NEW YORK (REUTERS) - United States (US) stocks fell more than 1 per cent on Wednesday after Federal Reserve chairman Ben Bernanke said the central bank would start to reduce its stimulus measures later this year if the economy is strong enough.
Equities have been closely tethered to ultra-loose monetary policy, which has been key to the S&P's climb of more than 14 per cent so far this year. Benchmark 10-year US bond yields jumped to a 15-month high on expectations the Fed will reduce its bond buying.
Mr Bernanke said at a news conference the Fed may reduce its bond-buying programme with the goal of ending it in mid-2014.
While investors have expected the Fed to pull back on its stimulus, Mr Bernanke's comments gave the most explicit timeline to markets, causing stocks to tumble on heavy volume. In the days leading up to the Fed announcement, stocks had swung between modest losses and breakeven.
"I was surprised he addressed the issue of tapering, since last time he did we saw a fairly significant market hiccup,"said Mr Randy Bateman, chief investment officer of Huntington Asset Management in Columbus, Ohio.
The Dow Jones industrial average was down 205.96 points, or 1.34 per cent, at 15,112.27. The Standard & Poor's 500 Index was down 22.89 points, or 1.39 per cent, at 1,628.92. The Nasdaq Composite Index was down 38.98 points, or 1.12 per cent, at 3,443.20.
Shortly before Mr Bernanke spoke at a news conference, Fed policymakers said in a statement the Fed would keep buying US$85 billion (S$107 billion) in bonds per month and gave no explicit indication that it was close to scaling back the stimulus programme.
About 6.65 billion shares changed hands on the New York Stock Exchange, the Nasdaq and NYSE MKT, above the daily average so far this year of about 6.36 billion shares.
"If the economic growth we have is sustainable without the Fed, that's good news," added Mr Bateman, who helps oversee US$15 billion. "But it is hard to wean the system off the easy money."
The benchmark 10-year US Treasury note fell 1 9/32, with the yield rising to a 15-month high of 2.3325 per cent.
The S&P 500 rose for the two days before the Fed decision on confidence that current stimulus would be left in place even if Mr Bernanke nods at the need to begin reducing bond purchases later in the year.
The stimulus helped the stock market reach a record high on May 21, one day before Mr Bernanke said the Fed could reduce its bond-buying in the "next few meetings" if the economy gained momentum. His comments rocked markets, boosting bond yields and halting stocks' rally.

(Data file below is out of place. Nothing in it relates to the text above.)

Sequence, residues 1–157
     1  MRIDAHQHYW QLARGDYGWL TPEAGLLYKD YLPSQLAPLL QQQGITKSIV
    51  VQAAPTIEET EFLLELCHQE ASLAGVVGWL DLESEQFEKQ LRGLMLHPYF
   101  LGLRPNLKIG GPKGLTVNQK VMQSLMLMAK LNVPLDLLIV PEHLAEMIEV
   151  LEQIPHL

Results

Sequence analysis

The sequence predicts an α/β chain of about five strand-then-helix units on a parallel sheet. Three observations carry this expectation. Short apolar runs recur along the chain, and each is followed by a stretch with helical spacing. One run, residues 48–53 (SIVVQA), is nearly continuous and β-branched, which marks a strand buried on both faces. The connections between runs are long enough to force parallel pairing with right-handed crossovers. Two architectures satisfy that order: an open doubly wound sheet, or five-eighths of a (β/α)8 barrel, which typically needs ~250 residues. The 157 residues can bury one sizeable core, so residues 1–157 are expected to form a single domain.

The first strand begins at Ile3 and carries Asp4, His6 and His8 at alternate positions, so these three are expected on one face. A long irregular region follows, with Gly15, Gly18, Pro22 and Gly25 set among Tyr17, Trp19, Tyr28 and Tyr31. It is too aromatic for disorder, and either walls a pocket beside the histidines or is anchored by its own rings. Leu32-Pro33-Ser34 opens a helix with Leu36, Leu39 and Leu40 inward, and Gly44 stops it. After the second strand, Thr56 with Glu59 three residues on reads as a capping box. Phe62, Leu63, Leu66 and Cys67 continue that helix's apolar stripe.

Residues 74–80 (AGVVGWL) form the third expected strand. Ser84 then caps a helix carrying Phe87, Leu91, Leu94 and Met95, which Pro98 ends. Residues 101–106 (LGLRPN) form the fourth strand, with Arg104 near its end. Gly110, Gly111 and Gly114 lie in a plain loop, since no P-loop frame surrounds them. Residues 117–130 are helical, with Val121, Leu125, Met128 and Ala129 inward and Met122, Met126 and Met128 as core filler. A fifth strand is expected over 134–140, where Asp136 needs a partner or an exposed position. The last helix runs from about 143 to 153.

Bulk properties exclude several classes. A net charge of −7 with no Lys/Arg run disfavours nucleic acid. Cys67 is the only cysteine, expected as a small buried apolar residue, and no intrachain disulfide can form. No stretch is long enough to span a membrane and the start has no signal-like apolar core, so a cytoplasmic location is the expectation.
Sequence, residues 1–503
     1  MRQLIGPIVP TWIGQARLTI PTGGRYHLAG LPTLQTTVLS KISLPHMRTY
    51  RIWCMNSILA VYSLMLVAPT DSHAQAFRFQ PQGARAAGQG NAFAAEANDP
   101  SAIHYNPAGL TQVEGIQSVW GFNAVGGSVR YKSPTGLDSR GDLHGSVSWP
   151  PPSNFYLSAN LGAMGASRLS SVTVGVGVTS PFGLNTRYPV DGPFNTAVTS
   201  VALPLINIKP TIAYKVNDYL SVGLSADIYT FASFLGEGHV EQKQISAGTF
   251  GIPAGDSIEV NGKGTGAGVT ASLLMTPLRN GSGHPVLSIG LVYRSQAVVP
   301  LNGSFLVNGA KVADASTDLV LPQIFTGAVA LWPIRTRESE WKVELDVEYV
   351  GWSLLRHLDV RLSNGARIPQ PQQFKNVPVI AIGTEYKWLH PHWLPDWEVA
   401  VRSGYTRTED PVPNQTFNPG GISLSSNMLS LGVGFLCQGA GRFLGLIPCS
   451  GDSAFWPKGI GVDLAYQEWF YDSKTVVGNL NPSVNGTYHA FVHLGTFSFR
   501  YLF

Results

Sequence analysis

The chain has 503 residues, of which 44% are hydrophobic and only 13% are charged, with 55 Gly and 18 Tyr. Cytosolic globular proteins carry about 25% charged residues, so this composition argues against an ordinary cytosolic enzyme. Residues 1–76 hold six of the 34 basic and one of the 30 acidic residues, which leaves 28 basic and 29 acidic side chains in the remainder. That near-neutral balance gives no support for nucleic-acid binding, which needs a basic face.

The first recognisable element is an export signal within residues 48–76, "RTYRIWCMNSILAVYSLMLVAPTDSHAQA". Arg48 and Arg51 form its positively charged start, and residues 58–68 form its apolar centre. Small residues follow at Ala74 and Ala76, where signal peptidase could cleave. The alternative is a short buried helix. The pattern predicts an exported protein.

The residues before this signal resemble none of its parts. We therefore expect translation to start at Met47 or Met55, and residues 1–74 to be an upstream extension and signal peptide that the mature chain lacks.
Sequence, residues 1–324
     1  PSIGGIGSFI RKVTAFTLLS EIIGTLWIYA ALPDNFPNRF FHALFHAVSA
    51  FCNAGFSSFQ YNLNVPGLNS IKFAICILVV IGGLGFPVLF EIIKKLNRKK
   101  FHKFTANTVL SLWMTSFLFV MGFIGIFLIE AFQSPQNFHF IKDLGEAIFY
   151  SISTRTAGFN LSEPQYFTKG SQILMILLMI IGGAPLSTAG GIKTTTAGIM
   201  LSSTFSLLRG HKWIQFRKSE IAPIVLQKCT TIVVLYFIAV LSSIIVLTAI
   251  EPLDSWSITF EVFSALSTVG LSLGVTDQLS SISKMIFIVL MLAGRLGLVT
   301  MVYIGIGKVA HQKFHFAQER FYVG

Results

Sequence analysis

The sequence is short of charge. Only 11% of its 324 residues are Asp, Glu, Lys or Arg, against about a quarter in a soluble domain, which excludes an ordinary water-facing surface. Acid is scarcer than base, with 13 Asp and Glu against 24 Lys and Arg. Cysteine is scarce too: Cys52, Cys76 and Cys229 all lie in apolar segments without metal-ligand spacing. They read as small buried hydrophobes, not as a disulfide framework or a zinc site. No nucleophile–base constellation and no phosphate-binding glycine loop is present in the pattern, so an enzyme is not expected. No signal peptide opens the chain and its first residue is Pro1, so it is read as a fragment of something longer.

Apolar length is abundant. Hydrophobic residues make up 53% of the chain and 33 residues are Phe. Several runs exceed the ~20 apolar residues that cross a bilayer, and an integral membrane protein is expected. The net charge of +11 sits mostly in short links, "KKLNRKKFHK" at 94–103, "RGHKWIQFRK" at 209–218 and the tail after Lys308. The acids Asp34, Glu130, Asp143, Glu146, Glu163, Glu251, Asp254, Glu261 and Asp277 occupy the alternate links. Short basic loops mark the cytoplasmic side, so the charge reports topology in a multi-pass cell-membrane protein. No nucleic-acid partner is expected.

Despite the increased volatility of the past month, the market has moved largely sideways. The S&P 500 is about 2.4 per cent below its record high of 1,669.16, reached May 21.
More than four-fifths of stocks traded on the New York Stock Exchange fell while 70 percent of Nasdaq-listed shares ended lower.
Real estate investment trusts (Reit), whose dividends attracted investors during the low interest-rate period, were among the hardest hit on Wednesday. The benchmark MSCI US Reit index was down 3.1 per cent, with Pennsylvania Real Estate Investment Trust off 2 per cent to US$19.19 and Simon Property Group down 2.9 per cent to US$162.52.
Reits are exempt from corporate-level income tax if the companies distribute at least 90 per cent of their taxable income in the form of dividends to shareholders. Since Mr Bernanke began to signal the possible end of the policy, the index is down 12 per cent.
Shares of Adobe Systems Inc rose 5.6 per cent to US$45.78 a day after the maker of Photoshop and Acrobat software reported a higher-than-expected adjusted quarterly profit.
FedEx Corp reported higher quarterly profit than expected as its ground shipment business improved. Shares were up 1.1 per cent at US$100.54.
After the market closed, Jabil Circuit Inc fell 1.6 per cent in extended trading after it reported a steep drop in quarterly profits, while Micron Technology Inc lost 1.5 per cent to US$13.76.
Red Hat Inc rose 3.9 per cent to US$48 after the closing bell. The company posted a strong jump in earnings and revenue.
On the downside, Sprint Nextel was both the most heavily traded stock on the New York Stock Exchange and one of the biggest decliners on the S&P 500, down 4.4 per cent to US$7.
Japan's SoftBank cleared a major hurdle in its attempt to buy Sprint as rival bidder Dish Network declined to make a new offer after SoftBank sweetened its own bid last week.